An unexpected but prominent mechanistic observation of this trial was the persistent increase of PD-1 on CD4+ Tconv following ATG and ATG/GCSF therapy. PD-1 expression on T cells can occur from recent activation or exposure to chronic stimulation that can induce anergy or exhaustion. PD-1 was transiently upregulated on Tregs, suggesting acute activation. By contrast, PD-1 was expressed and maintained on CD4+ Tconvs through 6 months, suggesting a phenotype of chronic stimulation that is likely maintained through contextual cues from both antigen and cytokines (29,30). PD-1 expression on CD8+ T cells was unaltered with treatment and time, highlighting the CD4+-specific skewing following low-dose ATG and ATG/GCSF treatment. Interestingly, increased PD-1 expression has also been observed following T-cell–targeted treatment (alefacept) of subjects with recent-onset type 1 diabetes (28). Nevertheless, mixed-model analyses did not reveal significant associations with PD-1 expression and metabolic outcomes. Whether PD-1+ T cells are functionally hyporesponsive or linked to therapeutic response remains to be determined.

`In addition to the key mechanistic observations noted above, there were no concerning safety signals observed in low-dose ATG- or ATG/GCSF-treated subjects during the second year of follow-up. In fact, between the 1- and 2-year end points, nearly twice as many AEs were reported in placebo-treated subjects than in either actively treated study group. While serum sickness was observed in the majority of subjects who received ATG, this was predictable and short-lived. Indeed, all subjects were treated successfully and without sequelae in this trial (19). Nevertheless, studies are being considered to determine whether additional reductions in the dose of ATG can preserve immunologic and clinical outcomes while further reducing the side effect profile. In addition, efforts are under way to develop humanized ATG products that might markedly reduce, if not eliminate, serum sickness and permit maintenance dosing (31).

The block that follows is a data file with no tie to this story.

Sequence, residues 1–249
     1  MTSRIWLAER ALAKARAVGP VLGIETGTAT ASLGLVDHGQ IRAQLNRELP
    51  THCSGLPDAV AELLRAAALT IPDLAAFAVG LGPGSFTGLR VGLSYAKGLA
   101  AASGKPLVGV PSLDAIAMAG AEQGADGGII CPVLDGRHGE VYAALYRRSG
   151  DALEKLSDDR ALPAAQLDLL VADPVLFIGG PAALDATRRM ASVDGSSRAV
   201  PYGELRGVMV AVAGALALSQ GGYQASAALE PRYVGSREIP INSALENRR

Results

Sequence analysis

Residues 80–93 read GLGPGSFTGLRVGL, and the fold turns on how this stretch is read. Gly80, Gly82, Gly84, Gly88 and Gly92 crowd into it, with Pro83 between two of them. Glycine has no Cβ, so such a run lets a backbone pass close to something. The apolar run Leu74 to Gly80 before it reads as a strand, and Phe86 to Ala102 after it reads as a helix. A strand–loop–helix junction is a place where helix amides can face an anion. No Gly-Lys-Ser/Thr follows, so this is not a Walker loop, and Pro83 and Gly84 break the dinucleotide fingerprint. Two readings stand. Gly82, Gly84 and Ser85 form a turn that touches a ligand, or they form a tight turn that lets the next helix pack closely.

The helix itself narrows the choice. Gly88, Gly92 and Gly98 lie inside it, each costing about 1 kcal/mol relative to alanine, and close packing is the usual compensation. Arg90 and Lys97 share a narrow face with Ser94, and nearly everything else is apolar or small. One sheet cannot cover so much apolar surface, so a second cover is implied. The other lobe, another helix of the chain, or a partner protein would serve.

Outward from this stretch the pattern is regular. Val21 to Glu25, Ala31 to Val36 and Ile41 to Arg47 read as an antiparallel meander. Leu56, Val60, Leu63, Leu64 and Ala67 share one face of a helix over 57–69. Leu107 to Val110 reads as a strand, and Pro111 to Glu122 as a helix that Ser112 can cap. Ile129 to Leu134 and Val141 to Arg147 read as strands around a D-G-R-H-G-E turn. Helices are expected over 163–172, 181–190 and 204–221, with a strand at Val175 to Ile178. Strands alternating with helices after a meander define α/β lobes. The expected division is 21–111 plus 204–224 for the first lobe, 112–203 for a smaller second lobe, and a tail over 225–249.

In our previous pilot trial, low-dose ATG/GCSF treatment significantly preserved C-peptide AUC in subjects with established type 1 diabetes (duration >4 months to <2 years) (15). However, in this phase 2b study of patients with new-onset type 1 diabetes, we did not observe significant preservation of C-peptide AUC in the low-dose ATG/GCSF group compared with placebo. In contrast to our hypothesis, combining low-dose ATG and GCSF did not provide for synergistic benefit when compared with low-dose ATG monotherapy. At this time, our mechanistic studies do not explain why GCSF did not have synergistic effects on the clinical trial outcomes or why our findings differ from those generated through numerous NOD mouse studies. This further exposes our reliance on and the limitations of animal models in predicting responses in human disease. In addition, our observations highlight challenges associated with the design of combination therapies when mechanistic knowledge of the individual or combined therapeutics is incomplete.

In conclusion, low-dose ATG (2.5 mg/kg) provides for long-term preservation of β-cell function, reduction of HbA1c, and favorable changes in immune cell subsets compared with placebo, while the addition of GCSF may diminish the benefits provided by low-dose ATG. Additional studies are needed to elucidate the immunologic implications of low-dose ATG, and efforts to define responders and nonresponders using mechanistic data are under way. Ongoing follow-up of this cohort is warranted. Importantly, the side effect profile of low-dose ATG in this trial was predictable, manageable, and short-lived. Low-dose ATG should be considered as a potential means for preventing type 1 diabetes and preserving β-cell function in new-onset type 1 diabetes.

Article Information